K Frame Forcing Cone Failure


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308win
April 10, 2010, 10:45 AM
How many rounds would you expect before forcing cone fails when firing high pressure .357 Magnum 125gr loads? If I fire regular pressure loaded with heavier bullets should I expect issues. I have a late 70's production target Model 19 Combat Magnum with a 6" barrel that probably has less than 400 rounds through it but most of them have been 125gr maximum loads.

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gwnorth
April 10, 2010, 11:32 AM
I would think you would be good for thousands of rounds at least (a few k's anyway). It's also not something that is guaranteed at all. Shooting light weight, hot .357 loads does clearly increase the likelihood of forcing cone cracks, but it in no way assures that it will happen. I know a couple of folks with model 19's and other k-frames with many, thousands of rounds through them and they are still tight, sound and shoot just fine.

To minimize the risk of a catastrophic failure, I would stick with 158gr loads, and do in my model 65-3.

harmonic
April 10, 2010, 12:38 PM
FIY:

The 125 grain bullets driven to maximum velocities used large charges of relatively slow-burning powders. Handloaders know the powder types as WW296 and H-110, among others. The combination of slow ball-type powders and the short bearing surface of the 125 bullets allows prolonged gas cutting of the forcing cone and top strap area, accelerating erosion and wear.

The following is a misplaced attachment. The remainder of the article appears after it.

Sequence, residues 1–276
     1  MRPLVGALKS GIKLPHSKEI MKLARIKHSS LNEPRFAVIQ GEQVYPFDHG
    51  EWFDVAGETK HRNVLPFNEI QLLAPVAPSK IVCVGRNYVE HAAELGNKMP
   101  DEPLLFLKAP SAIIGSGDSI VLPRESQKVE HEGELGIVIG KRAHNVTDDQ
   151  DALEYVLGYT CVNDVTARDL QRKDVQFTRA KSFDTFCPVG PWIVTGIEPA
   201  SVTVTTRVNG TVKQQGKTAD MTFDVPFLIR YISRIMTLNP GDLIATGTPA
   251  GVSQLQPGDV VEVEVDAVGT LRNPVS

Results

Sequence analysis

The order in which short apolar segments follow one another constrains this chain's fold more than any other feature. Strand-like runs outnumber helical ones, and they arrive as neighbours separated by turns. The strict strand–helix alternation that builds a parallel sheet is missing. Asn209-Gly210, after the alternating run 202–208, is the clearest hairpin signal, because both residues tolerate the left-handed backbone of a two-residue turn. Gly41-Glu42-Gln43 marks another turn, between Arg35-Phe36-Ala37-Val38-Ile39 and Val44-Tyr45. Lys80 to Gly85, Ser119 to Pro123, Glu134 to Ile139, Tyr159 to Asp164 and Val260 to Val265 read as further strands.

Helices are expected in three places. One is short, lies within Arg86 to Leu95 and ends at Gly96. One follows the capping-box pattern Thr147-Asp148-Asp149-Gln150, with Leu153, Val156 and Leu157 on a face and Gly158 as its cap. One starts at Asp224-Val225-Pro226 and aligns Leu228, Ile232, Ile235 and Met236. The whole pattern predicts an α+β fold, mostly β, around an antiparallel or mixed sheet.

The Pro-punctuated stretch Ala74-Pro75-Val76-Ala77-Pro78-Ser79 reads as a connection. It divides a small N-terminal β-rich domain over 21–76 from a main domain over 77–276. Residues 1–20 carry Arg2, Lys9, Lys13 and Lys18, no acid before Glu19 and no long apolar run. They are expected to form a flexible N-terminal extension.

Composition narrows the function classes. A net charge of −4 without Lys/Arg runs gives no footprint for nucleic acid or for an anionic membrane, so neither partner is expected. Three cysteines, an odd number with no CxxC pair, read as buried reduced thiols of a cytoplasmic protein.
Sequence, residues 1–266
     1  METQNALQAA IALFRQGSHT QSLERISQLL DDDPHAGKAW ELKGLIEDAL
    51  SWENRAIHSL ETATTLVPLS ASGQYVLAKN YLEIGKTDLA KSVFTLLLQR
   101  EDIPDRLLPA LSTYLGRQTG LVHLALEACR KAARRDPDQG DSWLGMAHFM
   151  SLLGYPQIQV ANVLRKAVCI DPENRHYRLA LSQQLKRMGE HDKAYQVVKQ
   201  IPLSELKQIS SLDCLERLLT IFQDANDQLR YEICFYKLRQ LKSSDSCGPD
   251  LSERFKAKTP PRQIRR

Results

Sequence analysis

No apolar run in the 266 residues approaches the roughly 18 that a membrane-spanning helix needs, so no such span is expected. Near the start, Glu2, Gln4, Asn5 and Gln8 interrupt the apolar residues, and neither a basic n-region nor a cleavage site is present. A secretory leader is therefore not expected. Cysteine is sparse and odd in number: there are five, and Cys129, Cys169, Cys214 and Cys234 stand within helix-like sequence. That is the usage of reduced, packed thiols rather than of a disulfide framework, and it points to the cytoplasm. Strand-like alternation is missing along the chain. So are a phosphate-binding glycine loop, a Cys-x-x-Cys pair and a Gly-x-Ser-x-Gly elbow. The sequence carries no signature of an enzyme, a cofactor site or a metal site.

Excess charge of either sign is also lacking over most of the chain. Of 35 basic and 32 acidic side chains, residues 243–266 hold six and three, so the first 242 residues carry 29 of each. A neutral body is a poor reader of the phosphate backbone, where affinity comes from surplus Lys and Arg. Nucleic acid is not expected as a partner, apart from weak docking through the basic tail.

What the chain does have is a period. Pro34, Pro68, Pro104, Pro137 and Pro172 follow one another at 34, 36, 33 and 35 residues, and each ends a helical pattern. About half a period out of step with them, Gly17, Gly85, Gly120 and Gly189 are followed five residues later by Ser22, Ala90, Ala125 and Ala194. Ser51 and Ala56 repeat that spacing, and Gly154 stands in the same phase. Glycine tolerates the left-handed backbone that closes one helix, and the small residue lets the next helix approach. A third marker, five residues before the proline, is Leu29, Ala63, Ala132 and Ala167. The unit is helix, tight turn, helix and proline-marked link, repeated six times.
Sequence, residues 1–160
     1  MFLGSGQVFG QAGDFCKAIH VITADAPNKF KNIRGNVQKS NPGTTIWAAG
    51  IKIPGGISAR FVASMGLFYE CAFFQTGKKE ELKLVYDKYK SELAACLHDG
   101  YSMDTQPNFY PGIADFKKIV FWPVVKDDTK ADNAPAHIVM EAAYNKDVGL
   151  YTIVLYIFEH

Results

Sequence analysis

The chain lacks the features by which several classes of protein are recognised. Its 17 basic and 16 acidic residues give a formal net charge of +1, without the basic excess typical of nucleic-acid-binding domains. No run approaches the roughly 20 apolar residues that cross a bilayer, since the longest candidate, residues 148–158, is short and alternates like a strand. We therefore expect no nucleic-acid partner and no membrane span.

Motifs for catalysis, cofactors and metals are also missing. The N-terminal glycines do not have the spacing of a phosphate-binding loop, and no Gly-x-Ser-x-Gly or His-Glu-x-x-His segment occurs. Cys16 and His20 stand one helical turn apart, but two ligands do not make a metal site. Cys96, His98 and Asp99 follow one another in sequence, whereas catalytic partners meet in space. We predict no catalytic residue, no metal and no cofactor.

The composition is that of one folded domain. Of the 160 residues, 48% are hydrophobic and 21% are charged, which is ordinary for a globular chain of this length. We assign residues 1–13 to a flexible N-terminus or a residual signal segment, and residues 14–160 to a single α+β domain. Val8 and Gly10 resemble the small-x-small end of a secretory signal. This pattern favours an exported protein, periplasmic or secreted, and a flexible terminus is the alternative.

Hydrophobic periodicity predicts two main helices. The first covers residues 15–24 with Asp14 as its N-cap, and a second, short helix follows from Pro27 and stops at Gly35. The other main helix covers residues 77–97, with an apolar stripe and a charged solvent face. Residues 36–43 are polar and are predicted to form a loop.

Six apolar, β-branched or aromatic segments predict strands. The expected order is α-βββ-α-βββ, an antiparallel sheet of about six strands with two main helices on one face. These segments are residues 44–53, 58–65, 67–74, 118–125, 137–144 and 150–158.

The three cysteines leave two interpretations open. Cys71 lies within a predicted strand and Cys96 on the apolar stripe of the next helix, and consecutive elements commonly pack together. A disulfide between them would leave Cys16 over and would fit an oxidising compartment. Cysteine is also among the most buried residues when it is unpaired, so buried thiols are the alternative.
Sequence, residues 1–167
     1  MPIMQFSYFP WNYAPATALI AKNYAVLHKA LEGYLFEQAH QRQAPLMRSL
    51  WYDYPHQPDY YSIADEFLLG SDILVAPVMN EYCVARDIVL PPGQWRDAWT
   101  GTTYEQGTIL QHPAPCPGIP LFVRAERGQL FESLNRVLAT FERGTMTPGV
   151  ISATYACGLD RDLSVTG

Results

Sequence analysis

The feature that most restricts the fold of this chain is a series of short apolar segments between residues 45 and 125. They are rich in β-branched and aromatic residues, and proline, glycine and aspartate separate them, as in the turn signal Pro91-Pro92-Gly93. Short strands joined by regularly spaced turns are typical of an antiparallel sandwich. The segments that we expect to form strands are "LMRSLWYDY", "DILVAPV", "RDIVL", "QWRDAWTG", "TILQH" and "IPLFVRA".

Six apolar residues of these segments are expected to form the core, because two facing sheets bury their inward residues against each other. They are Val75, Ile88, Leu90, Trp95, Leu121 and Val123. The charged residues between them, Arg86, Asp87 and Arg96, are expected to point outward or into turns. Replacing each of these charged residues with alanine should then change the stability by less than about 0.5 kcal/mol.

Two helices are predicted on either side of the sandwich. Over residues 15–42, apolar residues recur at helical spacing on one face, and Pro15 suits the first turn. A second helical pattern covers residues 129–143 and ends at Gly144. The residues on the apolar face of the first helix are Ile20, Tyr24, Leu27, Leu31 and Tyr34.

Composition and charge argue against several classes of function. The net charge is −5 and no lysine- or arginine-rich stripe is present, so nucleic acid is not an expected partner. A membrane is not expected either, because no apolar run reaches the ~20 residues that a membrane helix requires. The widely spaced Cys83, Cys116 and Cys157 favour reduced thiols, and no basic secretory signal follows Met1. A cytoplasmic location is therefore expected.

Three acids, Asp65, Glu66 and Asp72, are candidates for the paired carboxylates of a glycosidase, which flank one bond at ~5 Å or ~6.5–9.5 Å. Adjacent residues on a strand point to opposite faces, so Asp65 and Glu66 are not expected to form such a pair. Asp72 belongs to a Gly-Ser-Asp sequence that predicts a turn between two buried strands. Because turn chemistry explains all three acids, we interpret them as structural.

Borescope studies of rifle, machine gun, and auto cannon chamber throats shows a lizzard-skin-like texture due to this gas cutting damage, called "brinelling". The results of brinelling are fine microcracks that weaken the surface of the steel, and further promote erosion. In machine guns and auto cannons, barrel life is measured in terms of "useable accuracy", and round counts that determine this are based on group sizes at engagement ranges.

In the K-frame magnums, the forcing cone dimensions combined with the barrel shank dimensions results in a relatively thin shank at the 6 o'clock position, where a machine cut is made to clear the crane. This is usually where the forcing cone cracks. The L and N frames use much beefier barrel shanks and do not have this cut. S&W intended the K frame magnums to be "carried much and fired seldom" service arms, designed to fire .38 Specials indefinitely, with light to moderate use of .357 Magnums. You notice that S&W has discontinued production of K frame .357 magnums, no doubt due to product liability issues and a couple generations of K frame magnum experience.

Radagast
April 10, 2010, 01:40 PM
http://www.gunblast.com/Butch_MagnumLoads.htm Is the best essay I've seen on the issue.

Onmilo
April 10, 2010, 02:51 PM
Gunblast=sound advice
N or L frame blaze away with +p and any magnum load.

K frames work best with 140 grain magnums and heavier and avoid the +P .38Special stuff altogether.

308win
April 10, 2010, 02:53 PM
I don't remember what I loaded with but it wasn't 296 or 110. I only have 50 or so of the 125gr left and I will only use those for SD load.

Steve C
April 10, 2010, 03:45 PM
Read this: http://www.gunblast.com/Butch_MagnumLoads.htm

snooperman
April 10, 2010, 05:52 PM
shooting hot loads over many years. My model 19 went out of timing several times. I have hunted deer and wild boar with it on my land , and have found the K frame lacking. Hence, I only hunt with my Rugers now. If you plan to shoot a lot of 357 magnum loads , buy a Ruger . I do my own reloading and My Ruger blackhawk and sixes have never let me down with my hot loads.

roaddog28
April 10, 2010, 07:40 PM